The primary aim of the work included in this thesis was to investigate the effects of breaking up sitting time on cardiometabolic risk markers and appetite. The three acute experimental chapters in this thesis sought to do this by examining postprandial concentrations of glucose, insulin, triglycerides, high-density lipoprotein, acylated ghrelin and total peptide YY. Additionally, subjective appetite, physical activity energy expenditure and energy intake were investigated. In study one, postprandial glycaemia was attenuated in young, healthy adult men when breaking up sitting every 20 min with 2 min moderate-intensity physical activity (PA) following a high glycaemic index breakfast, compared with an uninterrupted sitting condition. There was no attenuation in glucose observed if a low glycaemic index breakfast had been consumed, suggesting that in a metabolically healthy sample, breaking up sitting may only be beneficial when high glycaemic index meals are consumed. In study two, postprandial lipaemia was improved across an 8 h period when breaking up sitting every hour with a short, high-intensity PA bout compared with uninterrupted sitting. This strengthens the efficacy of short bouts of PA of a high-intensity as strategy to improve postprandial lipaemia. However, data from study one and three suggests that attenuating postprandial glucose or insulin may require more frequent breaks in sitting than hourly PA bouts. Studies two and three observed no changes in appetite regulating hormones. Despite this, there was a suppression in subjective appetite when participants engaged in hourly high-intensity PA bouts, suggesting that a minimum threshold of PA intensity is required to elicit these effects. However, despite moderate-intensity PA breaks in sitting not suppressing appetite, no compensatory responses were observed in appetite or energy intake, resulting in an acute relative energy deficit. These findings suggest that this type of activity regime could assist in weight management programmes. Study four sought to investigate the efficacy of a workplace cluster randomised controlled trial at reducing workplace sitting. The multicomponent intervention did not reduce workplace sitting time. However, time spent in prolonged sitting bouts (> 30 min) was reduced and stepping time increased. This was concomitant with reductions in waist circumference and an increase in fat-free mass, demonstrating that a low-cost, short-duration, multicomponent intervention can be effective in changing sedentary behaviour patterns in the workplace. Overall, this thesis adds to the current evidence examining the effects of breaking up sitting on postprandial cardiometabolic risk markers and appetite, in addition to demonstrating the efficacy of a short-term low-cost multicomponent intervention at reducing prolonged sitting in the workplace by using strategies similar to those examined in studies one and three. Chapter eight summarises the significance of the findings from all four experimental studies whilst synonymously highlighting future directions for research in this area of the field.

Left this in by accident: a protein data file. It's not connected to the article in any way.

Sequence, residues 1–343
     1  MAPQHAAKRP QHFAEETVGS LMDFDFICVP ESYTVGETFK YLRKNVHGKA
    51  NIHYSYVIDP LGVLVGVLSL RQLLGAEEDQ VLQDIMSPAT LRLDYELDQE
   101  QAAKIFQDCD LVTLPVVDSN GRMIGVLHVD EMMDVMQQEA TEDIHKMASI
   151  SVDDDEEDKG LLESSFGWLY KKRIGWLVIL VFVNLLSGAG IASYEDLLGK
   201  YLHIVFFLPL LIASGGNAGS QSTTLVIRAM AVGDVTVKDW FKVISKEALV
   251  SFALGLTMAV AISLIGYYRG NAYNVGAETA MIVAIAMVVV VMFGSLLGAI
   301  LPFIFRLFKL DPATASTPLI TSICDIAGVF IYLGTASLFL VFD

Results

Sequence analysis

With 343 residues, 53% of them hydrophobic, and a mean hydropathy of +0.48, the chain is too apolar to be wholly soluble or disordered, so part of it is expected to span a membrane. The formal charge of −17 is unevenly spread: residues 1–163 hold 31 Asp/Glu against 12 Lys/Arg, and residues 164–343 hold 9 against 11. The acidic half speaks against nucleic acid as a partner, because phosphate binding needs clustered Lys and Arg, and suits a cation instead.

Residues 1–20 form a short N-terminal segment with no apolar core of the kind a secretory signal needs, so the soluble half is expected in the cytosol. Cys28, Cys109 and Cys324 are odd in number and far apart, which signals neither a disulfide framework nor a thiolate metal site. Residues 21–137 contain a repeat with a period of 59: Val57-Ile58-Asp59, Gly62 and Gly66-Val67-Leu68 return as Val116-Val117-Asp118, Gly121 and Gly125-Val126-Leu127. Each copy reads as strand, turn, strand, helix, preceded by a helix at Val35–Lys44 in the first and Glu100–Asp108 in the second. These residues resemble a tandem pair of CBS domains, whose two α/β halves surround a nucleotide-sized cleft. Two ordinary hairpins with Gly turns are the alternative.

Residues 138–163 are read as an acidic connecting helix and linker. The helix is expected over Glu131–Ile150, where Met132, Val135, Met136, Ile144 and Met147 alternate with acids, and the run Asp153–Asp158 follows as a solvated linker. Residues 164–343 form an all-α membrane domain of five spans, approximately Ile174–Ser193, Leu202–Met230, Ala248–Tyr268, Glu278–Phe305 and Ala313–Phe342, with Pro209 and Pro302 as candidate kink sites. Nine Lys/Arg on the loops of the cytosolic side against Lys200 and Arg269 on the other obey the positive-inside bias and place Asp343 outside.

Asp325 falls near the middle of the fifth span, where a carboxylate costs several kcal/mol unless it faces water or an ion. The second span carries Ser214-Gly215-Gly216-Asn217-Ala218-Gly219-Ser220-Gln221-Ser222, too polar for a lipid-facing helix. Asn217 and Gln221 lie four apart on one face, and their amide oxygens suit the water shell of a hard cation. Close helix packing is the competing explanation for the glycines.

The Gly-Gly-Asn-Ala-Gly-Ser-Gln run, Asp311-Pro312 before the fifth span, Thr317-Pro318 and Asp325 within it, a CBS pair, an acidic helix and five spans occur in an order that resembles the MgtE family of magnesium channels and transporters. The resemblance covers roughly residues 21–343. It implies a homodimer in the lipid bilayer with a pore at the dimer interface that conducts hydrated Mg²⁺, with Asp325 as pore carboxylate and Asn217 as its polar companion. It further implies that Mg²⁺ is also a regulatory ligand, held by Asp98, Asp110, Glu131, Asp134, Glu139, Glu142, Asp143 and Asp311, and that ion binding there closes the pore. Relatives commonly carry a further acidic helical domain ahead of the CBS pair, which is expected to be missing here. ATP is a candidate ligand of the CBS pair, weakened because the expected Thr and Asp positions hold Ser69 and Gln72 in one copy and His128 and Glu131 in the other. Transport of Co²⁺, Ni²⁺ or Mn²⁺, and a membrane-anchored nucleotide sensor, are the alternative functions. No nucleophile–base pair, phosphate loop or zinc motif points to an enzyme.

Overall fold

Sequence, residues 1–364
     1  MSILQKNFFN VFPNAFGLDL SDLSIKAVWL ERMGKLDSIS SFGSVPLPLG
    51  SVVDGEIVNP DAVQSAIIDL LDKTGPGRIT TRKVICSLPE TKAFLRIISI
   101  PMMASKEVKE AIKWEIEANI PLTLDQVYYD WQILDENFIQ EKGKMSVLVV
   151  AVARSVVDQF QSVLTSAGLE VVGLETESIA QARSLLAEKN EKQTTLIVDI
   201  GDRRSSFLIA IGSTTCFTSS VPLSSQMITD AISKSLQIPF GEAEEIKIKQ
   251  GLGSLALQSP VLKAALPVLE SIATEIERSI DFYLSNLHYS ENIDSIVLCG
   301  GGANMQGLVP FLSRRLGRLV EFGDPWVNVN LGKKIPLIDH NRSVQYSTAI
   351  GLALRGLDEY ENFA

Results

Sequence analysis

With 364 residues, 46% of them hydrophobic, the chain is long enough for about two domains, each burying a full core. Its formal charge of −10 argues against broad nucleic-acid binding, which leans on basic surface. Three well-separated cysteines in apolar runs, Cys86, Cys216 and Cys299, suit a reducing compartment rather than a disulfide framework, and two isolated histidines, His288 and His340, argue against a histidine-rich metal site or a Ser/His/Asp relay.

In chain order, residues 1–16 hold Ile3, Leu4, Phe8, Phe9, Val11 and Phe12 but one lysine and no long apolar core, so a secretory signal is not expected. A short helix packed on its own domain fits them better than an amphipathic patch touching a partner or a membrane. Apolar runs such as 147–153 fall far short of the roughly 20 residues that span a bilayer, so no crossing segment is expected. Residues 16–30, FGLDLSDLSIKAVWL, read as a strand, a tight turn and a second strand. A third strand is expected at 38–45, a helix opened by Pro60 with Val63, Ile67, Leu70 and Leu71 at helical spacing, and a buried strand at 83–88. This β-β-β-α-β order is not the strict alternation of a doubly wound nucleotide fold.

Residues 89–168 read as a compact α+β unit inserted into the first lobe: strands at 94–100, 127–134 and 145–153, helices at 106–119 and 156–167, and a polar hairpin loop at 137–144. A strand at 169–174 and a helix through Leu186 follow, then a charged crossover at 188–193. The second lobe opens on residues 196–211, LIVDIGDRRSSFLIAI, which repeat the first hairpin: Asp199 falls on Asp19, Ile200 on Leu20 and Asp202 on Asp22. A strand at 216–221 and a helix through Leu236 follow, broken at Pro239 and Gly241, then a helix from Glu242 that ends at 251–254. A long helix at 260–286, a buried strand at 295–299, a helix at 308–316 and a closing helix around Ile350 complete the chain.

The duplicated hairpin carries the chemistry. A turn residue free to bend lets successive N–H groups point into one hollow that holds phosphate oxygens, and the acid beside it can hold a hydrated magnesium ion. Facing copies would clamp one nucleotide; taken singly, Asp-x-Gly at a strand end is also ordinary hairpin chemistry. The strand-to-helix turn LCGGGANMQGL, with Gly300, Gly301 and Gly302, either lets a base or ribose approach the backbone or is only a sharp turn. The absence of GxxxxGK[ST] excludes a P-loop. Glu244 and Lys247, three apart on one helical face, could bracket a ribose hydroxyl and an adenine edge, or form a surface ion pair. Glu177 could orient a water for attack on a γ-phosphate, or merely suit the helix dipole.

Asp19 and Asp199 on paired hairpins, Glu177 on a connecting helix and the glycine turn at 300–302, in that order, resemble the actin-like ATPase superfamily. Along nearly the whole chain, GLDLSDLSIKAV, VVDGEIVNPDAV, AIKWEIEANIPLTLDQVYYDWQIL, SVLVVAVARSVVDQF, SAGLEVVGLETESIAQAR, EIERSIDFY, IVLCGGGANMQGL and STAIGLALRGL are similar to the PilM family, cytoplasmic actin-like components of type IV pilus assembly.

• The effect of cryopreservation on the genome of fish reproductive cells